Wednesday, September 23, 2009

7 months!

I thought that I should at least post a couple pictures of Vivi and Lizzi since it IS their birthday today. And I still do not have a baby book for either of them. I keep telling myself that it is because we are now digital people and I will put together a photobook for each of them that will include only pertinent information and (this is the really genius part) it won't have any blank spaces to make me feel bad for not filling in such important information as "Who watched the first time you rode a carousel". However, this plan will only work if I actually get going and do it and so far, well, the guilt's still here. But I digress, these are pictures from today, September 23, 2009, and they pretty much capture what they're like right now.

Elizabeth, in the top two photos, has her tongue out all the time now. She has 2 teeth coming in now so we're hoping that accounts for the weird tongue behavior. Or that at a minimum she will stop by the time she gets to high school. She is crawling all over now and, if not closely supervised, will head off on little expeditions to see what goodies she can find on the floor. Lucky for her the older girls like to leave treasures lying all over the house so she can always count on something new and interesting to shove in her mouth. And if all else fails she likes to pick up clumps of dog hair (yes, I'm admitting we have them floating freely about) and try to eat them. She's a smart one, that Lizzie :)

And Vivian, in the bottom two photos, has really started to fill out. Her cheeks are getting chubby and she is developing little fat rolls on her thighs etc- yea! Please try to look past the spit up draining out of her nose in the top photo. I was trying to capture her newest trick- mini push-ups! She just started doing them within the last couple of days and it is a major improvement. Before whenever she was on her belly she would put her arms behind her and lift her legs off the ground so that she looked like she was flying. She still does that plenty, but at least now we know it's not permanent ;)

Someone sent this to me today and though I've read it before, it was always pre-kids. I know we are very lucky that Vivian seems to have a very mild form of 22q11 deletion (what we've been calling DiGeorge's or VCF), but it's still there. And it will always be there. And the worry will always be there. I don't think there's any way that we can know that she is missing part of a chromosome and ever get used to it. Right now I feel like I am constantly waiting for the other shoe to drop and I suspect that feeling, while it might lessen, will never really go away. So if you wonder what life is like with Vivian, I'd say this about sums it up.

©1987 by Emily Perl Kingsley. All rights reserved. Article printed with permission of the author.

I am often asked to describe the experience of raising a child with disability - to try to help people who have not shared that unique experience to understand it, to imagine how it would feel. It's like this......

When you're going to have a baby, it's like planning a fabulous vacation trip - to Italy. You buy a bunch of guide books and make your wonderful plans. The Coliseum. The Michelangelo David. The gondolas in Venice. You may learn some handy phrases in Italian. It's all very exciting.

After months of eager anticipation, the day finally arrives. You pack your bags and off you go. Several hours later, the plane lands. The stewardess comes in and says, "Welcome to Holland."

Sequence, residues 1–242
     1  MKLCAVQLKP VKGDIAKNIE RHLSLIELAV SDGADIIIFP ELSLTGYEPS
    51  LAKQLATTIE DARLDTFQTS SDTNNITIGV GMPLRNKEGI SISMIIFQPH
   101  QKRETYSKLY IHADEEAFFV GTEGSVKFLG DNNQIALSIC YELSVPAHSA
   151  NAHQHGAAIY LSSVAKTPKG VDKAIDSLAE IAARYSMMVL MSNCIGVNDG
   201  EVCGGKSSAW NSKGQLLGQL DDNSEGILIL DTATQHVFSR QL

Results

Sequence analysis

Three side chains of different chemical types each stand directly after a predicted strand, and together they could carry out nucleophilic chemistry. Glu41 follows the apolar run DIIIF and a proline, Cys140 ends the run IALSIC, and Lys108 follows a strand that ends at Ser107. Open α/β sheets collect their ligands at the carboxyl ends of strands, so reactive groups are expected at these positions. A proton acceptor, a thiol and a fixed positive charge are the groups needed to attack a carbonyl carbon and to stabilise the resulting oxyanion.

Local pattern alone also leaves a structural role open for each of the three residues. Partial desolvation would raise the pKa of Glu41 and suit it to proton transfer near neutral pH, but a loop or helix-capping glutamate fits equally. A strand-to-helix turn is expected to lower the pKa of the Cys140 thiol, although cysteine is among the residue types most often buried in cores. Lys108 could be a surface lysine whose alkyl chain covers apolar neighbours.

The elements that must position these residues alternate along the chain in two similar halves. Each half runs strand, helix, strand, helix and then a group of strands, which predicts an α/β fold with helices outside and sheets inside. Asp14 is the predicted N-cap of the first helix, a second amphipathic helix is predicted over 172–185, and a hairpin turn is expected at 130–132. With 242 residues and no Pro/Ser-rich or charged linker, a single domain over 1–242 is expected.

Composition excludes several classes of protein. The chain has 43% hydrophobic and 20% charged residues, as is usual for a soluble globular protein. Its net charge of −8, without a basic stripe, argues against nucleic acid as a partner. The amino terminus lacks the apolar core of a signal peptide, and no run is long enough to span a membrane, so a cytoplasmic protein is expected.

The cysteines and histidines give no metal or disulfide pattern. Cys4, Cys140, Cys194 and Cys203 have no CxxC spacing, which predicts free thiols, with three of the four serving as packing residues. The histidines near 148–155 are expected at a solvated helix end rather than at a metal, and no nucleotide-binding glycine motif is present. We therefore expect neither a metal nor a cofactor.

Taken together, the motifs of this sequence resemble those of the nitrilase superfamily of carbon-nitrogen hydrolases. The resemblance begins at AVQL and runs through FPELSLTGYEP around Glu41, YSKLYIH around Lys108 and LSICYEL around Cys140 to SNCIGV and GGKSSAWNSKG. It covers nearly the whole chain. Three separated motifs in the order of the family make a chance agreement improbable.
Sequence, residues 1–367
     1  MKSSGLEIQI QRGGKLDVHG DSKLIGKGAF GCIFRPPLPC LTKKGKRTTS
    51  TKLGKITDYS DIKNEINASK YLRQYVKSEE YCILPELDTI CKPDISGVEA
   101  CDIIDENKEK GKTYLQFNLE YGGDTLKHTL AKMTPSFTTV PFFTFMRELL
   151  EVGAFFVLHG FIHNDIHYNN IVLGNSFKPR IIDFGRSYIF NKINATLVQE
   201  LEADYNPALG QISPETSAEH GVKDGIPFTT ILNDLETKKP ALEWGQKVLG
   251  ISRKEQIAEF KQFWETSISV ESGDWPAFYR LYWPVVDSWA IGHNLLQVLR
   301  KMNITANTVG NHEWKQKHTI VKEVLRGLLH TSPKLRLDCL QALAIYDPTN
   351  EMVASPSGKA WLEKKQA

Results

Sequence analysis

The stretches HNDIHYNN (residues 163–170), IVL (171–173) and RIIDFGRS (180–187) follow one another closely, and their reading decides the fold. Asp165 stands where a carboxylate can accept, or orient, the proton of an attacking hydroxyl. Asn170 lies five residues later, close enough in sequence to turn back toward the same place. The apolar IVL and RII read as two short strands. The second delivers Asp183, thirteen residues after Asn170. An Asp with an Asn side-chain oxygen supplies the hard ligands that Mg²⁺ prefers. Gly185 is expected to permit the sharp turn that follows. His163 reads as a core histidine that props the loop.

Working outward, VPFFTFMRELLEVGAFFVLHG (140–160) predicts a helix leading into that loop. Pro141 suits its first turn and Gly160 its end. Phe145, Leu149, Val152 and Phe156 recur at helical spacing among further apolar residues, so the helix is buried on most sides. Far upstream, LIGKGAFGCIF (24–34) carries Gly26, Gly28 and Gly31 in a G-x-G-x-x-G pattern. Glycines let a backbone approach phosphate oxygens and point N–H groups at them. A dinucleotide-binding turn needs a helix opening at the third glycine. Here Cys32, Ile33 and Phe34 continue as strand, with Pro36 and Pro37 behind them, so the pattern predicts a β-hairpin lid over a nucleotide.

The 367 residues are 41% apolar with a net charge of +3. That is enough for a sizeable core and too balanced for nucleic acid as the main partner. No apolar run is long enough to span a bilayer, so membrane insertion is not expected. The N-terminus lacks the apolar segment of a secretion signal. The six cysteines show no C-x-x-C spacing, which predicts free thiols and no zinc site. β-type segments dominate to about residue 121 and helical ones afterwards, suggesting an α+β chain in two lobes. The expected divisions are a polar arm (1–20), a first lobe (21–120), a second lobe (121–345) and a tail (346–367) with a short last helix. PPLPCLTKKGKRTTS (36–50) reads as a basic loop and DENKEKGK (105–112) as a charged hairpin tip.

"Holland?!?" you say. "What do you mean Holland?? I signed up for Italy! I'm supposed to be in Italy. All my life I've dreamed of going to Italy."

But there's been a change in the flight plan. They've landed in Holland and there you must stay.

The important thing is that they haven't taken you to a horrible, disgusting, filthy place, full of pestilence, famine and disease. It's just a different place.

So you must go out and buy new guide books. And you must learn a whole new language. And you will meet a whole new group of people you would never have met.

It's just a different place. It's slower-paced than Italy, less flashy than Italy. But after you've been there for a while and you catch your breath, you look around.... and you begin to notice that Holland has windmills....and Holland has tulips. Holland even has Rembrandts.

But everyone you know is busy coming and going from Italy... and they're all bragging about what a wonderful time they had there. And for the rest of your life, you will say "Yes, that's where I was supposed to go. That's what I had planned."

And the pain of that will never, ever, ever, ever go away...because the loss of that dream is a very very significant loss.

But... if you spend your life mourning the fact that you didn't get to Italy, you may never be free to enjoy the very special, the very lovely things ... about Holland.

Monday, September 14, 2009

Overheard today while Lucia and Darby were having lunch together:

Darby: We took the babies to the doctor today. And me!
Lucia: Did you get shots?!
Darby: Yep! Right here (shows her 1 band-aid)
Lucia: Did you cry?
Darby: Yep! But only a wittle bit!
Lucia: Good job Darby!
There was more, but my memory is so terrible I can't remember what they said right now :( Hopefully it will come back to me soon! When it was going on it was adorable; they looked like two old friends catching up after a long time apart. Maybe that's how it feels to them when Lucia has preschool- like a really long time to be away from each other...

Thursday, September 10, 2009

A conversation with Darby last week.

Me: Dar-by. Wake up sweetie. Time to get up. It's almost time for dinner.
Darby: I don't wanna get up. Is it morning?
Me: No, but nap time is over. If you don't get up you won't be able to sleep tonight.
Darby: Momma my head doesn't feel good!
Me: Oh really? What's wrong with your head?
Darby: It neeeeeds more sleeeeeeeeeeeeep!